I know how it feels to have the diagnosis in your family and to have to wonder if this will be the last summer, Christmas or birthday together.  I know how it feels to want to climb in bed and pull the covers over my head and not to want to face any of this.  I know how it feels to think “Next year at this time life will be different and he probably won’t be here.”  Mike was never expected to live this long.  I’ve always tried to find a healthy balance of facing reality and trying to prepare myself for the worst while also having a healthy hope for the future and for healing and restoration.  I have already chosen a funeral home, cemetery, casket and prepared his dress blues.  Trust me, I don’t take this time we have had for granted. I realize what a gift each day and each good moment is. We have experienced 41 days of radiations, 2 years of constant chemo and weekly doctors visits knowing that we would never ring that bell in the cancer center like so many patients do after completing their treatment plan, (Glio famililes, you aren’t alone!) decadron, anger, weight gain, then 100 lbs of weight loss, seizures, falls, ambulances, swelling, incontinence, hospital stays, feelings of isolation, confusion, short term memory loss, sleeping for days, Mike not even speaking a word for 8 days at a time, and all kinds of daily battles that I can’t even put into words.  I have been home bound with my husband for weeks and months at a time, not even being able to drive my kids to school, go grocery shopping, or take them to appts because he couldn’t get out of bed and couldn’t be left alone.  Hospice has brought us some calm in the storm. So when you see my posts about being happy, blessed and thankful, know there is so much history behind why I’m so happy and thankful for a good moment.  Please, if you have a good moment with your loved one, be in that moment…grab a camera a capture it.  Don’t let the reality of this diagnosis steal a single moment that has the potential to be a moment of joy.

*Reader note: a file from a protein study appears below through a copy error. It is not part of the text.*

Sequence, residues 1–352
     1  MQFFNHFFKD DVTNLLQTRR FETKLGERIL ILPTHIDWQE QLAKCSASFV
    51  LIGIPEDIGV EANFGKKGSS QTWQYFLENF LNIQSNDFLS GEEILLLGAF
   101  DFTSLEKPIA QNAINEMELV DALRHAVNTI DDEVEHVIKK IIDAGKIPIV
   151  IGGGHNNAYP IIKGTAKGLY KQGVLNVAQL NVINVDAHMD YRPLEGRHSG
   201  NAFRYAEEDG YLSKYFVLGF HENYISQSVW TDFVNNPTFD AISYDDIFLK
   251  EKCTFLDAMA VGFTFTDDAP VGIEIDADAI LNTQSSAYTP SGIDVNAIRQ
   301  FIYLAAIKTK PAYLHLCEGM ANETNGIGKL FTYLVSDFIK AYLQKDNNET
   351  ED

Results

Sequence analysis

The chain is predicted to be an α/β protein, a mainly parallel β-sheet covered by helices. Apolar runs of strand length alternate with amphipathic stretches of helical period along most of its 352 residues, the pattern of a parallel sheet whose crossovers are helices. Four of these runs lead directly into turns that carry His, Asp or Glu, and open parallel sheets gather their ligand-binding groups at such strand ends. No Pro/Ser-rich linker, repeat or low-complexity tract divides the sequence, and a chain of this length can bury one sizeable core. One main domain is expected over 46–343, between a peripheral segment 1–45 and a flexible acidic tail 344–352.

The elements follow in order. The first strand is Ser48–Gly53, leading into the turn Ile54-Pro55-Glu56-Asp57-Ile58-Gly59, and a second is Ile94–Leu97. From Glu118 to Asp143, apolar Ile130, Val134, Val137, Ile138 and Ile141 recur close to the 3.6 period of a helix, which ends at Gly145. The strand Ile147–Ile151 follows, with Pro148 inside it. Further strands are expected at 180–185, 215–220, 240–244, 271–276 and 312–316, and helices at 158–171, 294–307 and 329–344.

This last week we spent a week at a beach house with a pool in the Outer Banks and it was so amazing. We are so thankful to The Semper Fi Fund, Dreams for Veterans, and Seaside Vacations for their roles in making the week happen.  Mike faces so much confusion, pain, and scary days, so seeing this spark in his eyes and pure happiness on his face says more than any words than I can come up with. For years we felt like we didn’t deserve to request a dream, so we never did request the dreams that Mike initially had in mind.  Initially when I brought up the idea of submitting for a dream, Mike talked about how he always wanted to see Montana (so random, lol!) or go to a Saints game and have a meet and greet with Drew Brees.  Meet and greets require travel, so now that Mike is at the level of functionality and comprehension that he is at, travel isn’t a good idea for him.  Once he reached hospice I was inspired by seeing a few other families who made their loved ones dreams come true.  I realized that I wished we had requested it earlier and I wished that we would have done something when he was more able.  I also realized that his dream at this moment is simply to spend quality time with his family, so we requested to spend time in a house at the beach. I realized that requesting a dream wasn’t taking advantage in a bad way and it was silly to feel like we didn’t deserve it.  All summer he has wanted to get out and do things, but he doesn’t last long once out of the house, so I knew he needed a get away that would allow him to rest when needed.  I did some research to find a house with a pool because I knew that we wouldn’t be able to leave the house much and the kids would need to have an outlet for their energy.  I always feel guilty asking for anything, but I told myself we do deserve to try to squeeze a lifetime of memories into whatever time we have left.